Sunday, August 25, 2019

10/31/74: they don't know what my love is

courtesy gdsets

Another quickie: I like this show a lot and come back it to fairly regularly, if not all that often.  Again, trying to avoid a big project (I caught myself about to make a Paul Humphrey Top 10, for goodness sake), so just a few things:
  • Paul Humphrey on the drums.  Good gracious me.  I am a big fan of Paul Humphrey.  The JGMF/Lost Live Dead axis has pinned down the specifics of his tenure with Garcia (I still contend that he is absolutely not on Pure Jerry 9/1/74 despite being credited), but my guess is that most deadheads unfortunately still associated him only with Lawrence Welk.  He did do some time on the Lawrence Welk show (everyone's gotta make a living), but he was also a session man par excellence and is one of the great funk drummers of his era: Exhibit A.   Dunno the circumstances of how exactly he was hired for Garcia/Saunders -- I believe it was Saunders who brought him in, and I presume it was for the sake of their east coast tour -- but he laid it down real funky for about seven weeks and then went on his way.  There is a lot of really, really great music in those seven weeks.
  • The sbd tape is decent, but not outstanding quality.  The drums seems to be mixed a bit loud, and I believe that the very fizzy/phasey sound of the cymbals indicates too much noise reduction?  At any rate, it's still Paul Humphrey on drums.   
  • John Kahn also sounds like he is in particularly good form tonight.  Go John!
  • Interesting to see Osiris as one of the opening bands (good luck googling for info about a band called "Promised Land" in any way connected with Garcia).  Thanks to Corry, we know that Osiris happened to feature Pigpen's little brother Kevin McKernan on vocals, and that Garcia had taken a paternal interest in helping them with gear and exposure.  Lots of info here (and much more in the comments).
  • The music!  Oh, the music.  Humphrey only had a couple of gigs under his belt at this point, and, while he never overplays, he was definitely a busy drummer.  To be honest, it didn't always work 100% of the time, but it sure works to everyone's advantage tonight: The Harder They Come, to my ears, didn't really find it's groove until later in Garcia's solo career, and the tempo here is a little sluggish at first, but jeez, Humphrey is killing it under those solos.  Expressway also feels a little leaden to me, but then watch out: everything after that is plenty fired up.  The groove in You Can Leave Your Hat On is borderline obscene; some serious voodoo soul stew happening in here.  Freedom Jazz Dance is outrageous.  Humphrey does get a little slap-happy towards the end of the set (the tape sound and the mix, to be fair, is doing him no favors), but the energy is way up there and it sounds like everyone is having a ball.  Tight and loose in all the right ways.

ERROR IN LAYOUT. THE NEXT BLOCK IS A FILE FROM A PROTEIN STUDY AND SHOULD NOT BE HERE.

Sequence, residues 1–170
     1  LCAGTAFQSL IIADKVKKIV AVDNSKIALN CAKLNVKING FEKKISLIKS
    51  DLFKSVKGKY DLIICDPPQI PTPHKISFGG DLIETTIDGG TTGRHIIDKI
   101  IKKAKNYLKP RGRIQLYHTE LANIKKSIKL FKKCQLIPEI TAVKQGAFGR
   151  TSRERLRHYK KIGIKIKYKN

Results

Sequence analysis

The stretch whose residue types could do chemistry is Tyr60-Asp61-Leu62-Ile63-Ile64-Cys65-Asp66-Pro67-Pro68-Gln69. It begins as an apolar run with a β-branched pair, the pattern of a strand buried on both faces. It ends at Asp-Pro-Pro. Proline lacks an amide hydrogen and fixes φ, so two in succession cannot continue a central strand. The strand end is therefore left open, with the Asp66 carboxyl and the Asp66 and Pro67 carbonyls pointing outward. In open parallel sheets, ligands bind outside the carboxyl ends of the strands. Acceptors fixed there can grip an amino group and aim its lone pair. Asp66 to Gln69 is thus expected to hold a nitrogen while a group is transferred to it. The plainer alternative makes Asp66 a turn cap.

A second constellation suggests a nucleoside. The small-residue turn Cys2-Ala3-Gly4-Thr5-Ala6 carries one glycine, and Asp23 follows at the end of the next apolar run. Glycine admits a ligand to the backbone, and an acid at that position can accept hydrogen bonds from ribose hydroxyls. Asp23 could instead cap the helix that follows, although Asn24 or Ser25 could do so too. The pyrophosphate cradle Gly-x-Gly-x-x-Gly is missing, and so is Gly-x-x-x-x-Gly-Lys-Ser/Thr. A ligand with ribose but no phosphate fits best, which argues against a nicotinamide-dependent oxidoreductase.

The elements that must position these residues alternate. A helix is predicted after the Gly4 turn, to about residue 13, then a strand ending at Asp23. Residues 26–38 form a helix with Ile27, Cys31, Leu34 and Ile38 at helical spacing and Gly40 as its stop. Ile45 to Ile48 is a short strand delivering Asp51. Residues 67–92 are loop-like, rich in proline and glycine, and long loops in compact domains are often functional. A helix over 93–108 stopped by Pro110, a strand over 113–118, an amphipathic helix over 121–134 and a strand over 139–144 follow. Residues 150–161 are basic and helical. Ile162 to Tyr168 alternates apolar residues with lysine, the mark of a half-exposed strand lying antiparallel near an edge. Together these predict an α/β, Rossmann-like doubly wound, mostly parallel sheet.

1. I have always loved this show, always loved how the organ dominates the start of Harder They Come.

    Can you say more about Humphrey's playing? He is definitely busier than any other Garcia drummer. It sounds to me like he is always more on the cymbals and snares than on tom or bass drum or something like that. Light touch, higher in the register, etc.

    What makes his playing "funk" more than "jazz"?

  2. Jeez, I don't know where to begin. I don't know enough drumming vocabulary to really parse out why I identify Humphrey's playing as more "funk" than "jazz." My dilettant-ish take on it is that Humphrey is playing drum patterns that I hear as more common to funk music (the ur-text being James Brown ca 1967-69) than to jazz as defined by the rhythms of the swing/bebop eras. The way that funk drummers syncopate the beat is, basically, different from how traditional jazz drummers do it. Also, my sense is that what made the music of James Brown in the later 60's different from the "funky" R&B of Stax, Atlantic, Motown, etc is that Brown's drummers were typically playing far more complex patterns [insert intelligent comment about African diasporic music here] and that innovative rhythmic complexity is part of what defines "FUNK" as a genre, rather than just music (R&B or rock) that we describe as "funky." I think! I'm not 100% certain about this. Part of what's informing my own perspective on this is many years spent collecting jazz, soul, and funk music, and watching numerous debates among purists as to what counts as "funk" or not.

    re jazz: Humphrey did play on a number of straight jazz records in the 60's, although I personally don't think he's a particularly distinctive jazz drummer, even though he's obviously very good. His more funk-oriented recordings are what makes him stand out (to me!) as a memorable talent of his era. But like Ron Tutt or Gaylord Birch, he could probably play whatever anyone asked him to play, hence his success as a studio musician. Given what we know about how much direction Garcia et al was likely to have given (none), it is interesting (and very cool!) to me that Humphrey often defaults to playing in such a busy funk-oriented style -- or "busy" as compared to what Vitt, Kreutzmann, or Tutt played. Sometimes he could get carried away and overdo it, but in general I find his drumming style to be quite compelling, to put it lightly.

  3. Also worth noting is that Merl's first post-Jerry album, You Can Leave Your Hat On, was recorded in Sept-Oct 1975 (i.e. almost immediately after Legion of Mary broke up) and features Paul Humphrey on half of the tracks. The Garcia/Saunders group ultimately went with Ron Tutt, who had more a Garcia/Kahn connection (re Compliments), instead of Paul Humphrey, who was evidently Merl's choice for the fall 74 G/S lineup (although I need a citation for that one). I imply a couple of things about this, which I hope to develop in another post about this tour, but I am leaving this here in case I don't get around to it.